AP analysis: Law may be on HMA’s side in dispute with Blue Cross/Blue Shield

Mississippi Insurance Commissioner Mike Chaney (AP photo)
Mississippi Insurance Commissioner Mike Chaney (AP photo)
Mississippi Insurance Commissioner Mike Chaney (AP photo)

JACKSON, Mississippi (AP) — Hospital owner Health Management Associates has a not-so-secret advantage in its dispute with insurer Blue Cross and Blue Shield of Mississippi. Lawmakers are poised to intervene in the dispute if it’s not resolved by the time the legislative session opens in January.

That could be one factor in HMA’s decision to decline Blue Cross’ offer to reinstate four of the 10 hospitals that the state’s largest private insurer kicked out of its network at the end of August. Blue Cross made the move after HMA sued the Flowood-based insurer, saying Blue Cross broke contract terms by underpaying for a number of procedures.

Blue Cross said HMA, a for-profit hospital company based in Naples, Fla., charges too much to pad profits. Blue Cross said it’s trying to keep health insurance costs from rising too much.

What’s followed has been a public relations offensive by HMA, with political-style radio and newspaper ads, as well as a website and rallies. Henry Barbour, a nephew of former Gov. Haley Barbour and partner in the Capitol Resources firm, is advising HMA on its campaign.

The effort has even featured Flowood Mayor Gary Rhoads endorsing the position of HMA, which owns two hospitals in his Jackson suburb, over that of Blue Cross, which has its headquarters in his town.

Although rising health costs in the form of Medicaid are an ever-present burden to the state budget, lawmakers seem to have limited sympathy for Blue Cross’ efforts to hold down costs in the private sector, if that means not doing business with some high-charging hospitals.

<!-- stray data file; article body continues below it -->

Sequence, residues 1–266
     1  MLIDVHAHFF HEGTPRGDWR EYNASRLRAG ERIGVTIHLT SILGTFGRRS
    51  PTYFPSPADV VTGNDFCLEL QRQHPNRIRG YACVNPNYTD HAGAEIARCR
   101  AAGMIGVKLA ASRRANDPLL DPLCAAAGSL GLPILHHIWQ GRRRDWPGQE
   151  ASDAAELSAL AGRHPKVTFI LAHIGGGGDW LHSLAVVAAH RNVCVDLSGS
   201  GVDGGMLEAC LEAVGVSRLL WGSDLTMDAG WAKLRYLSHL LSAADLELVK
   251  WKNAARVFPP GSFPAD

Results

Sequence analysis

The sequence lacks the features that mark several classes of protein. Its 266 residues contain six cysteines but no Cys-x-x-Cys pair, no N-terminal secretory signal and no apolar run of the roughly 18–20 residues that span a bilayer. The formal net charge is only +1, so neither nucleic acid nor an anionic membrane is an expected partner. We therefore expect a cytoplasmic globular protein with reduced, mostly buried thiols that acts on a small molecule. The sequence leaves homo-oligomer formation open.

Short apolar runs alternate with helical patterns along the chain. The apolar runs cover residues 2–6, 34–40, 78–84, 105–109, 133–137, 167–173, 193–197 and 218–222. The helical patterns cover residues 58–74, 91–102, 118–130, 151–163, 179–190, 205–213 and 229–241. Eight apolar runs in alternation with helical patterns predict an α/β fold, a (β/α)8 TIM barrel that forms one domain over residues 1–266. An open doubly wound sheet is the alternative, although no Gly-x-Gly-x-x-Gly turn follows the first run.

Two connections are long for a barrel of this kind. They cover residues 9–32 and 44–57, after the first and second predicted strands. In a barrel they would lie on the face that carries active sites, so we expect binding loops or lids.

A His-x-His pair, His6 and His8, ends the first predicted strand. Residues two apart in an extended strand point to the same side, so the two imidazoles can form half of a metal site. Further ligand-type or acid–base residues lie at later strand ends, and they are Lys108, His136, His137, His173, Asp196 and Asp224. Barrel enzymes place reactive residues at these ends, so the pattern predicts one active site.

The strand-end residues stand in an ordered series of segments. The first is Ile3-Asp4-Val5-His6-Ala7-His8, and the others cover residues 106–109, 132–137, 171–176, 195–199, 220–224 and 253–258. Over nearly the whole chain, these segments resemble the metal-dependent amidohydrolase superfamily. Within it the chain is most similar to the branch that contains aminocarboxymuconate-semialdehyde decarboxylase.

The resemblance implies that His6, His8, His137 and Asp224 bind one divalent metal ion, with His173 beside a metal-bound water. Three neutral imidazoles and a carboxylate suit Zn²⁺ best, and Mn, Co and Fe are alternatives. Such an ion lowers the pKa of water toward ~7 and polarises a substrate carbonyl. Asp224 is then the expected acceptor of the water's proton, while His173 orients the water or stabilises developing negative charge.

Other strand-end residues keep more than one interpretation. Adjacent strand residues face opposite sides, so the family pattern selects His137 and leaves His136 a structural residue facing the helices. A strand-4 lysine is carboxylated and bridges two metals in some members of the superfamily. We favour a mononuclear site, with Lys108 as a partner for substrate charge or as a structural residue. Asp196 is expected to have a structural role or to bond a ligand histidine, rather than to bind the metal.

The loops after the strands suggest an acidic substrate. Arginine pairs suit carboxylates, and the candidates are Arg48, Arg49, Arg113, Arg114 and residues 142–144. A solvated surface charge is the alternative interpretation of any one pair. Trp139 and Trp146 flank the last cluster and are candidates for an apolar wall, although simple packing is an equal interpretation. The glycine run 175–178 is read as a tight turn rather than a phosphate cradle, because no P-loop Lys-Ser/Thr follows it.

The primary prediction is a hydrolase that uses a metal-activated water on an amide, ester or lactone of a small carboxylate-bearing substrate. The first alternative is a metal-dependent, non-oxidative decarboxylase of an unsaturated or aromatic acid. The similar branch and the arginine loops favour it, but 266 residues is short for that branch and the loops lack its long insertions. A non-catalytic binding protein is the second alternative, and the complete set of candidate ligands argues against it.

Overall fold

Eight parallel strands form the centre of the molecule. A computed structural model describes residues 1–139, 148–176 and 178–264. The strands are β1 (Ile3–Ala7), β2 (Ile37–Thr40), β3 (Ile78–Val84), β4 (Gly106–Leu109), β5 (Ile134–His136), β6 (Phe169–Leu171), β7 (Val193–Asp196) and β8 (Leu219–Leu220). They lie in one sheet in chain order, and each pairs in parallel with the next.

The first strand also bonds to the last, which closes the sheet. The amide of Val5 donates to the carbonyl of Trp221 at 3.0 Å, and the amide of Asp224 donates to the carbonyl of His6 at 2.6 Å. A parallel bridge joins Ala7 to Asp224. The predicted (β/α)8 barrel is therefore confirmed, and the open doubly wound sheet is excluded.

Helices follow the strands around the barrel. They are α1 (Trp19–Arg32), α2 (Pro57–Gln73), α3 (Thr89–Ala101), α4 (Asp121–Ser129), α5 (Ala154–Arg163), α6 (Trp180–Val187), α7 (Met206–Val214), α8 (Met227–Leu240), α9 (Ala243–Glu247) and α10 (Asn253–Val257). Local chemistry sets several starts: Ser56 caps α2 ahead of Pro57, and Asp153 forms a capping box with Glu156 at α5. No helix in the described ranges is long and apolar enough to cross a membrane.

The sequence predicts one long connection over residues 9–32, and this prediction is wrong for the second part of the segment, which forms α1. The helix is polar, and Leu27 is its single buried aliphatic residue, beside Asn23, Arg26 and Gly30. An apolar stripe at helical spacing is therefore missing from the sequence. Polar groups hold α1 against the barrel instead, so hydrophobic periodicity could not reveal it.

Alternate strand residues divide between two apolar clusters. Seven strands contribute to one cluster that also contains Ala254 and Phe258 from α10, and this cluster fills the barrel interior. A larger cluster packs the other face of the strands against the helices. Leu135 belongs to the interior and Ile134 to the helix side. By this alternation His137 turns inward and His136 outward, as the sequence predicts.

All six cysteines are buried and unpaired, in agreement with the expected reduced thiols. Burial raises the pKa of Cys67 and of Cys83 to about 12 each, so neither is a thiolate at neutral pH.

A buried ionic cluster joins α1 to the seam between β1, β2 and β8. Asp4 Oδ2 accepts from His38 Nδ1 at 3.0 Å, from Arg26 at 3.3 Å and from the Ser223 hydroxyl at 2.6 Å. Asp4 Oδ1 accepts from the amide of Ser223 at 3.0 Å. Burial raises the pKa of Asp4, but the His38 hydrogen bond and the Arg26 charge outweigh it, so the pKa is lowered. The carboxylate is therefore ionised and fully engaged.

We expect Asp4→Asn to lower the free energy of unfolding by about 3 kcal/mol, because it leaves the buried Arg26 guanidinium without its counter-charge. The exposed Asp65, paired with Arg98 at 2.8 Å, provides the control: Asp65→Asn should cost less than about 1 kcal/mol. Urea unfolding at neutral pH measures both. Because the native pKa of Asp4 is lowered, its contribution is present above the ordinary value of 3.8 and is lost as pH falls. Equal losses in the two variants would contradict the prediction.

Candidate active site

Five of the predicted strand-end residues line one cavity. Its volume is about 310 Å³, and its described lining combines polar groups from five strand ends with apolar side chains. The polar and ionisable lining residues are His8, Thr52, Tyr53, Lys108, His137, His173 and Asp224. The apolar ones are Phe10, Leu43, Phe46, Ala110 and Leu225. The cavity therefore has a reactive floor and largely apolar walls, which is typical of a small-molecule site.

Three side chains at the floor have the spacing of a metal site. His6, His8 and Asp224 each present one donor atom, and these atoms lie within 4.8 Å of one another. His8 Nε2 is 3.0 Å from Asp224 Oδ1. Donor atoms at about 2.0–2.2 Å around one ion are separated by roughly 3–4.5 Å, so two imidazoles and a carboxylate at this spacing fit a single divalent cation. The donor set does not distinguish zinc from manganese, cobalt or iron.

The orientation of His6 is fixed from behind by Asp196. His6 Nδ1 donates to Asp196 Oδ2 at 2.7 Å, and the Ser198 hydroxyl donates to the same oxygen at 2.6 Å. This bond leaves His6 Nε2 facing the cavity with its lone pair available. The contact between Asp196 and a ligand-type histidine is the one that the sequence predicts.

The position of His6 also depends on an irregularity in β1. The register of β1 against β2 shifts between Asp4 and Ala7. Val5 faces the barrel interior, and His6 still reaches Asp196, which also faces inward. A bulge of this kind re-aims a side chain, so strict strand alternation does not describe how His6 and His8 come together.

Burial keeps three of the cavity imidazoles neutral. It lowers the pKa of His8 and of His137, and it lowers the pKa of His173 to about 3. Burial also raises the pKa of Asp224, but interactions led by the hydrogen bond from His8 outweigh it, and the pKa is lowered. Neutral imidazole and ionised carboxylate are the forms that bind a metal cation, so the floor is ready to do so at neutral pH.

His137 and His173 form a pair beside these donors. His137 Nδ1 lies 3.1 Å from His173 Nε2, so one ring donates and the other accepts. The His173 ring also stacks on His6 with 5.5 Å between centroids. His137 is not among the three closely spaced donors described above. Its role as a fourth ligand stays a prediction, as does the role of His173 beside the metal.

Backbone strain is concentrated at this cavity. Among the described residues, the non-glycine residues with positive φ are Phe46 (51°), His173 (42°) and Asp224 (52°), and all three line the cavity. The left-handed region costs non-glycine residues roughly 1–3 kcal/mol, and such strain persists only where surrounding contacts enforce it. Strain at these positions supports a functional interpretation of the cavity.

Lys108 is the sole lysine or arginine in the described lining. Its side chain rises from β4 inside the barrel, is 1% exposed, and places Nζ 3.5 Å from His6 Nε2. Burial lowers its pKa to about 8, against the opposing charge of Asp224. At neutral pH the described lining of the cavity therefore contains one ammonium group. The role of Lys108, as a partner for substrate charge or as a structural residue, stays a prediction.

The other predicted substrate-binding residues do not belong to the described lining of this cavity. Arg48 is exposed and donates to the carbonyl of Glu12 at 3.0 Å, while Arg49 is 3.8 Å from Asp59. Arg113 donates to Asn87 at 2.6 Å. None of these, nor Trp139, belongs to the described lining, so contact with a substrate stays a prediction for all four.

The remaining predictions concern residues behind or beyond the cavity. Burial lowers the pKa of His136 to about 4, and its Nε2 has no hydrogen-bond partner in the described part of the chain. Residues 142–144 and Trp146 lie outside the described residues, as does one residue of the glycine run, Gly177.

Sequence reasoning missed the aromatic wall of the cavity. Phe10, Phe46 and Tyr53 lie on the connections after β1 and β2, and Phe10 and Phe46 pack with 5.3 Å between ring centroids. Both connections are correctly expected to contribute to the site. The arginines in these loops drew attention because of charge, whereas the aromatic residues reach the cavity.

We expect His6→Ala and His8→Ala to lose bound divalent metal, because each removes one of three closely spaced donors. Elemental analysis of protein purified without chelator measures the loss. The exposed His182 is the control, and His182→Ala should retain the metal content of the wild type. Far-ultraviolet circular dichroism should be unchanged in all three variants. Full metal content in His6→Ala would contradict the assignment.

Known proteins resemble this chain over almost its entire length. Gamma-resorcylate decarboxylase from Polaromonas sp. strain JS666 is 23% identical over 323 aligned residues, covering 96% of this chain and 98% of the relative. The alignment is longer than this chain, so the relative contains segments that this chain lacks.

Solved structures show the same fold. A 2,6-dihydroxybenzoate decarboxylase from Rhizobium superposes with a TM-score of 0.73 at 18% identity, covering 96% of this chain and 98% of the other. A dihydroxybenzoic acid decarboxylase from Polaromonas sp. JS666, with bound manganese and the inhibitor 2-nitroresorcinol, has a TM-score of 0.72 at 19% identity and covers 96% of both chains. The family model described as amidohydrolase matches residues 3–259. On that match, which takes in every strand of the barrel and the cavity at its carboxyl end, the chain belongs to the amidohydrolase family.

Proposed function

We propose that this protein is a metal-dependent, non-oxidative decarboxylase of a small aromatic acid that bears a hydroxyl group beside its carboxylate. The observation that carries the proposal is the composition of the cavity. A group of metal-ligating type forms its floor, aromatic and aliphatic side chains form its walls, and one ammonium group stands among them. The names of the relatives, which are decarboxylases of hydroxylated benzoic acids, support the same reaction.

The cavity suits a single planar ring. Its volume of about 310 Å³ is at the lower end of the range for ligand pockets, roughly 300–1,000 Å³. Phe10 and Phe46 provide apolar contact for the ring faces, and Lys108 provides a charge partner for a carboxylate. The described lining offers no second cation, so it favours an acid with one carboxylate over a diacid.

House Insurance Committee Chairman Gary Chism, R-Columbus, said he believes both Democrats and Republicans could support legislation aimed at the dispute.

“Blue Cross and HMA, I hope they can get their disagreement solved before the session begins,” Chism said in an interview Friday. “If it’s not solved, we’re going to have to get involved.”

Last week, Blue Cross offered to reinstate the four most politically sensitive HMA hospitals — Amory’s Gilmore Memorial Regional Medical Center, Clarksdale’s Northwest Mississippi Regional Medical Center, Batesville’s Tri-Lakes Medical Center and Flowood’s Woman’s Hospital.

Chism said lawmakers are worried about those three rural hospitals, each of which is “the only game in town.” He also focused on the large number of babies that are delivered at Woman’s.

HMA spurned the offer, saying Blue Cross was imposing more restrictions than in previous agreements. Blue Cross denied it was changing contract terms.

Chism said one option would be to give more power to Insurance Commissioner Mike Chaney. So far, the commissioner has said there is no official action he can take to mediate a contract dispute between two private businesses. But Chism said lawmakers could change the law to allow Republican Chaney to intervene when an insurer terminates its contract with a provider.

The lawmaker said that while Blue Cross is not a monopoly, it “is approaching that size.” Chism said that means some sort of oversight is needed, in the way the Public Service Commission regulates utility monopolies.

Lawmakers could also model a solution on a law that allows any pharmacist to agree to fill prescriptions for a price set by pharmacy benefit managers. That law is aims to ensure health plans can’t exclude independent pharmacists in favor of chain drug stores or mail-order pharmacies.

Writing such a law for hospital contracts would be much stickier, because a contract covers thousands of items and insurers agree to different prices with different hospitals. Chism said lawmakers could write a law that requires an insurer to offer the same contract terms as at nearby hospitals.